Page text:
I posed this question on a social networking site recently. The aftermath was like watching people running from a burning building as if their hair were on fire. Most of the responses were of the “good luck with that” variety, as if the next move was to wait for a last minute pardon from the governor before the firing squad commenced to carry out the sentence.
The reason for some of my own hesitation in weighing in on a subject like this is obvious. Just as the black women come in a variety of hues and hair types, they also are a mix of skinny and voluptuous – the thin and the thick – not so easily or quickly defined.
Nor can the dating or marrying preferences of African-American men be easily placed into a nice neat box. Poll a brother on the street and he might be just as likely to prefer a slim sister as one with, as they say, some junk in her trunk.
Still, there’s no question that the average African-American woman is likely to adopt India.Arie’s credo that she just “ain’t built like a supermodel.” And if the biggest part of sexiness is self-confidence, then the black woman’s allure to the black man needs no explanation. The black woman exudes self-assuredness.
Since her arrival here from Africa centuries ago, the black woman has been comfortable in her skin, content to live her life large, usually more literally than figuratively. In many cases, because the African-American woman bore the responsibility – often alone – for keeping her family intact, she had little time to take care of herself.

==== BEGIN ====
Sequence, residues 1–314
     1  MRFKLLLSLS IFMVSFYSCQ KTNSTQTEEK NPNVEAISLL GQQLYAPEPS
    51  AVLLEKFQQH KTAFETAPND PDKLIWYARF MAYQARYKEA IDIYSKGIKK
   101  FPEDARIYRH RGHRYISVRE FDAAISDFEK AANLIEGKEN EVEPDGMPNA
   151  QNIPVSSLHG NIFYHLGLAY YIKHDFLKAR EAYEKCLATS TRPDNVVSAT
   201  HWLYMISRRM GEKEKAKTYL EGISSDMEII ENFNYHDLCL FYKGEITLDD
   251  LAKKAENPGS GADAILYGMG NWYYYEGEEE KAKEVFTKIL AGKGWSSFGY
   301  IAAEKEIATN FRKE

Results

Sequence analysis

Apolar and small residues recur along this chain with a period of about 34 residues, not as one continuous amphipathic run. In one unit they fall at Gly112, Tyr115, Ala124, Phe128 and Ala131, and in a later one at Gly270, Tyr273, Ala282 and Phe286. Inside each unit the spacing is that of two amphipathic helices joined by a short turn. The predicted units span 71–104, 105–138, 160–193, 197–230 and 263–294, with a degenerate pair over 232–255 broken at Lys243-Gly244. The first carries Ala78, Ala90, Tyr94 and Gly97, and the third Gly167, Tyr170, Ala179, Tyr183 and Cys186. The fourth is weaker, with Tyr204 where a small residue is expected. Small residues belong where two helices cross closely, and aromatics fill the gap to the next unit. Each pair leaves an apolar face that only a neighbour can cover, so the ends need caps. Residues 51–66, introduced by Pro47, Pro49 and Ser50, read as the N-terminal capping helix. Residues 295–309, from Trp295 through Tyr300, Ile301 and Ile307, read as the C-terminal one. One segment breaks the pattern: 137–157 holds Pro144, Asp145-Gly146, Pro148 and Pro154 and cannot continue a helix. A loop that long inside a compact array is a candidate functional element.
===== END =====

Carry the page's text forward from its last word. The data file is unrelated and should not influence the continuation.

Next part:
Even if that lifestyle wasn’t – or nowadays, isn’t – a choice, we’re nonetheless seeing the effects in higher reported incidents of obesity and related complications, including diabetes and heart disease, within the black community. This week’s news that the American Heart Association added sugar, along with salt and cholesterol, to the list of things to watch out for will not go over well in many black kitchens.
While there are legitimate health reasons for wondering if bigger is really better over the long term, those concerns haven’t kept many black women from straying from the ideal European-American body aesthetic that is widely portrayed in the media circles.
You need only look at the way two of the world’s top female tennis players, Maria Sharapova and Serena Williams, are viewed to get a feel for the chasm of difference in how body beauty is perceived in the black and white communities. Sharapova, a Russian émigré and winner of three Grand Slam singles titles, is 6-foot-2, thin and blonde. Twice, she was the most searched for athlete in the world through Yahoo! and she is a favorite of the overwhelmingly white fanboy sports blogosphere.
Williams is likewise tall, at 5ft 10”, but as author Marita Golden points out in her book, “Don’t Play in the Sun: One Woman’s Journey Through the Color Complex,” “Serena is compact, muscular [and] built for the game she dominates.”
“And,” continues Golden, “any discussion of Serena Williams has to begin with her backside, her black, her African, derriere. That’s my backside, that’s the backside of so many black women, and Serena ain’t trying to hide it, camouflage it or do anything but flaunt it.”
Serena’s not alone, nor should she be. You won’t catch women like Tyra Banks or Oprah Winfrey or Queen Latifah squeezing into size 2 or 4 dresses. Yet their visibility and beauty are unquestioned.
Indeed, I appreciate the fact that my wife not only isn’t built like a supermodel, but loves me, a man who not only has junk in the trunk, but groceries all over the car.